As the chess computer market shrank through the 1990s the number of new models began to dry up and there was a cloud over the industry which even threatened the remaining major players Saitek/Mephisto and Novag. By 1999
there were vague rumours that Novag might be closing down but these were entirely dispelled by an announcement made in Spring 2000. It was then that the original owner of Novag, Peter Auge stepped down and his daughter Jeannine Auge took over the business, now to be called Perfect Technology Ltd. Their senior engineer Wayne Chow and David Kittinger their chess programmer stayed with the new company.
At the same time indications were given of a whole range of new products including these chess computers - Granite, Beryl, Quartz, Star Diamond, Star Sapphire and Star Ruby. In Selective Search 87 an enthusiastic and relieved Eric Hallsworth gave a brief description of these machines including a photo of the Star Sapphire. There were tentative prices and a hope for releases in June. The Star Diamond and Star Sapphire were of particular interest because they were said to be about 120 Elo stronger than the Diamond 2/Sapphire 2, the models they were intended to replace. So it was hoped they would be in the 2280-2300 Elo range and worthy of a top 10 position in the Rating List at a much lower price (£249?) than any of the other strongest chess computers. The Star Sapphire was of special interest, destined to become by far the strongest portable yet, and very well specified with an apparently excellent touch screen, judging from the photograph. So these Novag models were much anticipated.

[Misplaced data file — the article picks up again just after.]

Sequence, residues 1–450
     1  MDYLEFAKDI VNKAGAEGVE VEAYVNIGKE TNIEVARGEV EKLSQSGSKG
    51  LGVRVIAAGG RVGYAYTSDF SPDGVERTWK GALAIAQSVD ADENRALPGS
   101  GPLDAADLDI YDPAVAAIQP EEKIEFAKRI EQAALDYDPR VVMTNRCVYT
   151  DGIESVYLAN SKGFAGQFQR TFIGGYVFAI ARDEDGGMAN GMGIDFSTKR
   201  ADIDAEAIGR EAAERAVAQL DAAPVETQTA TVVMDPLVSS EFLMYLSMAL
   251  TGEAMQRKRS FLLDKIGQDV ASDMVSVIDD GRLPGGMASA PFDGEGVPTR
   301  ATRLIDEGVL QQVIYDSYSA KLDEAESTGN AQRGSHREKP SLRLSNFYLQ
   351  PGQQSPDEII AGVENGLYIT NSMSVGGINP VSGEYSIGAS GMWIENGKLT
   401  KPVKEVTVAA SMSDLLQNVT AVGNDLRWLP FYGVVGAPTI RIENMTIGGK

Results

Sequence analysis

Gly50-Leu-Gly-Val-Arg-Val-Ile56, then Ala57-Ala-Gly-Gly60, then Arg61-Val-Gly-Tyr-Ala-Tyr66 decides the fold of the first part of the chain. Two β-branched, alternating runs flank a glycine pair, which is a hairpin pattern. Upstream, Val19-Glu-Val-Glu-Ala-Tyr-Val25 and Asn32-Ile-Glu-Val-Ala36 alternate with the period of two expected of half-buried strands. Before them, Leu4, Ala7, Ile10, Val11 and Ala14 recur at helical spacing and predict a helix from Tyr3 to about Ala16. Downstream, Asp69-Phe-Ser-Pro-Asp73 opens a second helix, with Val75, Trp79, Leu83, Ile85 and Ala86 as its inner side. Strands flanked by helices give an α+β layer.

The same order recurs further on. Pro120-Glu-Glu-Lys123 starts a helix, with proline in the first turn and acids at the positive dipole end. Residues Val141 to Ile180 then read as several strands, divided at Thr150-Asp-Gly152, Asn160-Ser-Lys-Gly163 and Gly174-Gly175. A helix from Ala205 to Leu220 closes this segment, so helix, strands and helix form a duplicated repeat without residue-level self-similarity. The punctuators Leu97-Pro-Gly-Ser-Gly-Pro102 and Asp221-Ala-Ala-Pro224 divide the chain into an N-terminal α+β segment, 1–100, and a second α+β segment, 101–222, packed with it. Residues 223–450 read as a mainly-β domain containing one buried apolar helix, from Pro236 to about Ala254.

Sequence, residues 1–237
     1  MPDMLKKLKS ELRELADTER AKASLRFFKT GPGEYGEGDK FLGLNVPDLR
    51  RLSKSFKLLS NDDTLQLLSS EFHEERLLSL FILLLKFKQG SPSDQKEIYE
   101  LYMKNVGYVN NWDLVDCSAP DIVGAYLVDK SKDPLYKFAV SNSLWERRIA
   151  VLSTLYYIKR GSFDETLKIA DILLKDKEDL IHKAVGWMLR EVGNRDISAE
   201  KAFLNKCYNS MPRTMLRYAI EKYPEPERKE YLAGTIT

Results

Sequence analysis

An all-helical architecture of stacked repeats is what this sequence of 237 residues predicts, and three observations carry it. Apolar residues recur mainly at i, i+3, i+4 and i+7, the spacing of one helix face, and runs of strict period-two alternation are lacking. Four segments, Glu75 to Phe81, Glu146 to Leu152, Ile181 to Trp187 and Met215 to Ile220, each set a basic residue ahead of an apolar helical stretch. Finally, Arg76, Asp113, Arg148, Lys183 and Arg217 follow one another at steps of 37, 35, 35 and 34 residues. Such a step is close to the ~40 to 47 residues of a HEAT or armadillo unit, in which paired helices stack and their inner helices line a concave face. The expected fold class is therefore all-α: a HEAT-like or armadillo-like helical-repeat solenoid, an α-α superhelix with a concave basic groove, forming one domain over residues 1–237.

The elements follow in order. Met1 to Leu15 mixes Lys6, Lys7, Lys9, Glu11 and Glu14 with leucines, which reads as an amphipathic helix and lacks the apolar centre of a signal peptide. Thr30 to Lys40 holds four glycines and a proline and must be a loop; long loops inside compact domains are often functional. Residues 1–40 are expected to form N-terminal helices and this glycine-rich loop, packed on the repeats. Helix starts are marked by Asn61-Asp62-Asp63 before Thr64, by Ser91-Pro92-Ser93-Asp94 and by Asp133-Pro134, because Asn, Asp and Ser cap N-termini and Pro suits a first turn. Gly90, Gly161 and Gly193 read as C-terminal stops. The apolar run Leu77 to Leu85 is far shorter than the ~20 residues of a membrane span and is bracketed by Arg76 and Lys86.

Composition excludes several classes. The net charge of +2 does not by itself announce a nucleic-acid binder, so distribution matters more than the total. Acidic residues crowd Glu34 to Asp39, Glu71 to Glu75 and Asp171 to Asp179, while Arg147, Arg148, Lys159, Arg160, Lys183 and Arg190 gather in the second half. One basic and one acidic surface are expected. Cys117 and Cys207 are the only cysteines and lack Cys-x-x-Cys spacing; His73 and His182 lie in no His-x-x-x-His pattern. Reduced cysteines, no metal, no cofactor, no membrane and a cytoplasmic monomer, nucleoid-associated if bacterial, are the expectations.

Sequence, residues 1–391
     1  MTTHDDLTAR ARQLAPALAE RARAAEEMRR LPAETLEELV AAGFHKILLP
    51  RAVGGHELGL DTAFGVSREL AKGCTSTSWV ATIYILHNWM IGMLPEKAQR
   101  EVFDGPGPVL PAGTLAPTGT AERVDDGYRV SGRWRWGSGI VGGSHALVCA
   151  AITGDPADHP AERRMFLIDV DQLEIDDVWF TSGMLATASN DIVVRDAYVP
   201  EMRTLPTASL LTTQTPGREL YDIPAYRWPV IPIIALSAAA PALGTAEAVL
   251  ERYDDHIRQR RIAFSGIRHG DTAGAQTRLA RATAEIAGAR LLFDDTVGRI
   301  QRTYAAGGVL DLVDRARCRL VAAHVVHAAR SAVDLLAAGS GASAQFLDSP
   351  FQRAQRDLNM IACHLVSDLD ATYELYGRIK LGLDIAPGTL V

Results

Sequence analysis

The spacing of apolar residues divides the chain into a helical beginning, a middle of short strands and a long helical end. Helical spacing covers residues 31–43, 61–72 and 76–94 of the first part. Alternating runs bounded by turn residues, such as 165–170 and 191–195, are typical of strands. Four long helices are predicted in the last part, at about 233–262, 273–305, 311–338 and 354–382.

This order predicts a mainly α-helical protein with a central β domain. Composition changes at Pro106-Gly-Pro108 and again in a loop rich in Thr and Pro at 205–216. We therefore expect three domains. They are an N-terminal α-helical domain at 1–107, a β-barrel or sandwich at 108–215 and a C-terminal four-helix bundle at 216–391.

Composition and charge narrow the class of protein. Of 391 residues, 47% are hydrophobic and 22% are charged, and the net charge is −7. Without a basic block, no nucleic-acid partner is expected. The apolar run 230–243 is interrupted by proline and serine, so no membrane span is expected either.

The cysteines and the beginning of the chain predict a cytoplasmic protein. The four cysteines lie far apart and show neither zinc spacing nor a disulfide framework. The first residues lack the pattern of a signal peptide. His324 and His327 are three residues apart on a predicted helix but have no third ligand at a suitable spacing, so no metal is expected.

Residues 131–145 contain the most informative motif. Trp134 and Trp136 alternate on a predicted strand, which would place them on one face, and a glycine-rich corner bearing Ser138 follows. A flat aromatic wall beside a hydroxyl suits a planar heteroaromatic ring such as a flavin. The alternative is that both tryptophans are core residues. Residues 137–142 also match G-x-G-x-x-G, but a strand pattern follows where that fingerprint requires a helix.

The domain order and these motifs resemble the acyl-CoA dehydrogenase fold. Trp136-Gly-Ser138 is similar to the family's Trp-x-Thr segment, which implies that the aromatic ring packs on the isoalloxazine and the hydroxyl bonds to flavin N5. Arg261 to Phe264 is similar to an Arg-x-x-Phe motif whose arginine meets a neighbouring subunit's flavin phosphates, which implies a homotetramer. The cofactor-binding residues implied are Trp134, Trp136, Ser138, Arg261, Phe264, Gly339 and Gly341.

Well nothing happened for another year and a half, until late in 2001, when the Granite, Beryl and Quartz arrived. Release of the Star Diamond and Star Sapphire was said to be imminent.
Again, time passed, and there was no sign of the Star Diamond or Star Sapphire. A press release eventually announced their production in Spring 2003 and Selective Search gave its first impressions of the Star Diamond in the June/July issue. Eric Hallsworth praised the quality of the board, the inclusion of a carry case, the low price (£199) and also the anticipated 2200+ Elo strength based on very early testing.
Looking back it seems likely that the Star Diamond was held back by indecision caused by the shrinking market for high-end machines, followed by belated re-engineering to cut hardware costs. The Star Sapphire eventually appeared with a cheaper, much less acceptable screen and the Star Diamond was released with a less powerful processor, less ROM and a smaller opening book. The Star Diamond manual is dated 2002 and the Technical Data it gives is of the higher specification originally intended, rather than what is actually in the machine. It lists a SH7020 RISC processor, 1 MB ROM and a 200,000+ ply opening book. So this switch to a lower specification must have been a late decision. The box is dated 2003 and correctly refers to the smaller 123,000 position opening book.
In a detailed review (Selective Search Apr / May 2004) based on a large number of games and test positions Alvaro Benlloch concluded that the Star Diamond is tactically very strong, but unpredictable with some positions solved much quicker than comparable machines and some much slower. He found that the selective search algorithm interferes with tactics easily found when the Star Diamond is switched to a brute force search. He also found the Star Diamond to have more positional knowledge than previous Kittinger programs and a tendency to castle long, which helps make it a more enjoyable and aggressive opponent. It also has good capture, check and king attack extensions, he said.
It will be interesting to see if the Strong Group Two games confirm these conclusions.